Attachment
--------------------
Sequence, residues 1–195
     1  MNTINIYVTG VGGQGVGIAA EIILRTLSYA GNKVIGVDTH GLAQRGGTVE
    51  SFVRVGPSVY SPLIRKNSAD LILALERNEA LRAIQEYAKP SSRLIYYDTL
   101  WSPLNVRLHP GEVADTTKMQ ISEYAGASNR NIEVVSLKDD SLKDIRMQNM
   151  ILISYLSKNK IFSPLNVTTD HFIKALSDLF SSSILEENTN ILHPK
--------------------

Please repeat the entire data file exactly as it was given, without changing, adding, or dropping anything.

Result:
Sequence, residues 1–195
     1  MNTINIYVTG VGGQGVGIAA EIILRTLSYA GNKVIGVDTH GLAQRGGTVE
    51  SFVRVGPSVY SPLIRKNSAD LILALERNEA LRAIQEYAKP SSRLIYYDTL
   101  WSPLNVRLHP GEVADTTKMQ ISEYAGASNR NIEVVSLKDD SLKDIRMQNM
   151  ILISYLSKNK IFSPLNVTTD HFIKALSDLF SSSILEENTN ILHPK